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Wine Tasting Tips

KensWineGuide.com Wine Tasting Tips

There are 3 major components to wine tasting:

  1. Appearance/Color
  2. Bouquet/Aroma
  3. Tasting

We start with appearance and color. The appearance of a wine can tell you a few things about the wine. Three areas the taster might look for are: clarity, depth, and liveliness. Clarity is whether a wine is clear or transparent. The opposite of this would be hazy or cloudy. Depth is more focused on the color of the wine. The colors are usually described as dark, medium, or light in color. The liveliness of a wine might be described as bright, vivid, flat, or dull. Rich colored wines might be an indicator of rich flavors. However, this is not always the case. The most important thing that the taster may detect from a wine’s color is whether it is going bad or not. White wines tend to turn brown as they age. Red wines tend to turn lighter as they age. The best way to observe the color of wine is to hold the glass against a white background and observe the top edge of the wine.

Next and perhaps the most important part of wine tasting is the bouquet and aroma of a wine. Humans can sense hundreds of aromas through smelling. Tasting a wine only allows for 4 different types of tastes. Bouquets can provide more distinctive differentiating qualities of a wine than taste. The aroma wheel (used by many wine experts) lists the following as the primary aromas to describe wine.

  • Fruity
  • Vegetative
  • Nutty
  • Caramelized
  • Woody
  • Earthy
  • Chemical
  • Pungent
  • Oxidized
  • Microbiological
  • Floral
  • Spicy

From each of these main categories, there are hundreds of additional descriptors.

In order to get the true bouquet of a wine, the taster should begin by swirling the wine in their glass. The taster should be using a big bowled glass to allow for swirling and to allow for the taster to be able to put their nose right in the glass after swirling the wine. To properly swirl the wine, the taster should place the glass flat on the table. Hold it by the stem and rotate it in a controlled circle swirling the wine. This will aerate the wine. Then it is time to take a big sniff. Put your nose right into the glass. I frequently suggest doing it a couple of times before you move on to tasting. Experts frequently refer to the smell or bouquet of the wine as "its nose." Enjoy this aspect of tasting. Take notes on what you smell before you move on to tasting the wine. Capture the moment of the bouquet. If the wine is inviting based upon its bouquet, the pleasure of its taste will only be enhanced.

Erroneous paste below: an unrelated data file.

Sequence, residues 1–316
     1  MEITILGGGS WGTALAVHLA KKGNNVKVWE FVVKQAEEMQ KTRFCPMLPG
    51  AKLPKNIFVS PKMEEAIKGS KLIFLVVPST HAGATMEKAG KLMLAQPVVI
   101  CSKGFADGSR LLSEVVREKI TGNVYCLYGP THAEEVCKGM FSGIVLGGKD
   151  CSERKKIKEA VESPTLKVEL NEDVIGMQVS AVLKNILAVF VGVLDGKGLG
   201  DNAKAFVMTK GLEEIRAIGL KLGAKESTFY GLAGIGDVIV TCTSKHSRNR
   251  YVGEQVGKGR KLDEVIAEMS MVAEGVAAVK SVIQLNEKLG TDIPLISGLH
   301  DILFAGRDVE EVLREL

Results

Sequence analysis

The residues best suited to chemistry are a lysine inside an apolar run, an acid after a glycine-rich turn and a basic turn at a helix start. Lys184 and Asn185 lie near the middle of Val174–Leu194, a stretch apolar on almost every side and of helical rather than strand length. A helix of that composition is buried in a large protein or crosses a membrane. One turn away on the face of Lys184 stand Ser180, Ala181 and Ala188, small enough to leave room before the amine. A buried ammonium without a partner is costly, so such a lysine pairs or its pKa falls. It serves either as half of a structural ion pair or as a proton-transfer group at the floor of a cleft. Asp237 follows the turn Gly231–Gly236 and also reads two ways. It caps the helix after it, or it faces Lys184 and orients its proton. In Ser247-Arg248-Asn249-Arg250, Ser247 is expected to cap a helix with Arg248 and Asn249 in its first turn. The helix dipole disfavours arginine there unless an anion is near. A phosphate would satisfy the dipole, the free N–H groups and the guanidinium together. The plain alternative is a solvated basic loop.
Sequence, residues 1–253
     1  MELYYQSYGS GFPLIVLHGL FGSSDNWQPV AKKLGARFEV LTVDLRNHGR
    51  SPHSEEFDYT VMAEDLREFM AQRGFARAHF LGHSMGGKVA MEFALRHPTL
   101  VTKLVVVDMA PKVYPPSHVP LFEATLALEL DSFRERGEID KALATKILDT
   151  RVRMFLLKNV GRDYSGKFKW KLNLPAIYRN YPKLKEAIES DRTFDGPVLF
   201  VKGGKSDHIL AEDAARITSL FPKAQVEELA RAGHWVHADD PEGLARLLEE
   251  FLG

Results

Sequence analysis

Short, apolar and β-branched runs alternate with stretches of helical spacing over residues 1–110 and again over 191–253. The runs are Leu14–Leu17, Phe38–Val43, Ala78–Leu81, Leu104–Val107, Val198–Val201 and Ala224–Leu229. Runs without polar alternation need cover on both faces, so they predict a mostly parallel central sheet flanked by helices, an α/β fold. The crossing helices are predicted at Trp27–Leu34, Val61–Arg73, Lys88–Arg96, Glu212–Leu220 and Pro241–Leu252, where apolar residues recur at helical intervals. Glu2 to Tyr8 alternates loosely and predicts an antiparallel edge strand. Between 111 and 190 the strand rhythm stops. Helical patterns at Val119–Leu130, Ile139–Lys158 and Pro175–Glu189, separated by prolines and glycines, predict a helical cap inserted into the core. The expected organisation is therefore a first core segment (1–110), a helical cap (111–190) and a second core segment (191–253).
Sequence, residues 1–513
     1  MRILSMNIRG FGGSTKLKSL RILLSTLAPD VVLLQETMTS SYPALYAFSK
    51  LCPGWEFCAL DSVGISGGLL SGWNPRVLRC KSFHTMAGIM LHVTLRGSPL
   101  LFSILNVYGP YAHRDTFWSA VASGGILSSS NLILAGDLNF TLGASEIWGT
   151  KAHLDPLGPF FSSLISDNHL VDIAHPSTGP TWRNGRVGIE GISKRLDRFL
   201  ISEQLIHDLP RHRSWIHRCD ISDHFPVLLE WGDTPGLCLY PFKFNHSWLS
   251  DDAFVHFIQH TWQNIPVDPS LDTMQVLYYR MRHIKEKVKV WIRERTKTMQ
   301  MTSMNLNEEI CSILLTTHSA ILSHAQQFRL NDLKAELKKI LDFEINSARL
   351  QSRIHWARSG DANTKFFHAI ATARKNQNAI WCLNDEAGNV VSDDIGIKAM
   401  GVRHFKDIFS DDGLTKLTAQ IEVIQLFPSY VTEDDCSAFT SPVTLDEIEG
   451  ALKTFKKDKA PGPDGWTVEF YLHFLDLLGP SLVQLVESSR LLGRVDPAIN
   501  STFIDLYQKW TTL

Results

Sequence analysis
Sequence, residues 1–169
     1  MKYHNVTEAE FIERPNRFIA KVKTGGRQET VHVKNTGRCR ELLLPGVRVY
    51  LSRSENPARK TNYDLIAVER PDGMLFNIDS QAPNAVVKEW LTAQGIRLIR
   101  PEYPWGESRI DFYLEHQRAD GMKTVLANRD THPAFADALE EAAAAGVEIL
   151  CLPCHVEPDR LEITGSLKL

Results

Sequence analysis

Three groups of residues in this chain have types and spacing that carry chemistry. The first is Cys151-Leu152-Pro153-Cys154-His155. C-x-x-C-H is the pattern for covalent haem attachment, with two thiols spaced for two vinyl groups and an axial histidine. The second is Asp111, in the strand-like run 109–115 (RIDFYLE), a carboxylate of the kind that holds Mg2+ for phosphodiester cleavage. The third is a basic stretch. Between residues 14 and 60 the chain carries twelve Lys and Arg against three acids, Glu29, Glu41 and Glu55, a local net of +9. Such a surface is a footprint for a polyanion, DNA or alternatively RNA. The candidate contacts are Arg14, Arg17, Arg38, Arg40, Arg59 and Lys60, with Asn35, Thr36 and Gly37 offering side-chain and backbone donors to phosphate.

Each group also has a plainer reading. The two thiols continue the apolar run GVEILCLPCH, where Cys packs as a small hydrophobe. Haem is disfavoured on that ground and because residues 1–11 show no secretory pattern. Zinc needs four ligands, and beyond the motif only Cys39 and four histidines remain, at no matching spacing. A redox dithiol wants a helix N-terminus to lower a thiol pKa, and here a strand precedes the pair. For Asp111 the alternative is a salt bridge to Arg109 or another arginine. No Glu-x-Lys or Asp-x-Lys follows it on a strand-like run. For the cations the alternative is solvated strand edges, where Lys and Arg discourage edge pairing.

To taste the wine, take a medium sip of it. People can detect 4 basic tastes. They are sweetness, sourness, bitterness, and saltiness. Most wines have flavors of the first three and are generally not salty. Once in your mouth, the taster should swirl the wine around so that it coats the front, back, and side of their tongue. This is when professional tasters refer to the wine on their palate. This allows you to sense the various flavors of the wine. Some professionals tend to carefully draw in some air as they are tasting the wine. This is again for aeration of the wine. Once you have had the wine in your mouth for a few seconds and have taken your notes on the flavors, you may swallow or spit the wine out.

When tasting the wine there are many descriptors you might experience. But each of these will fall into 3 basic categories. Again, they are one of the following:

Sweetness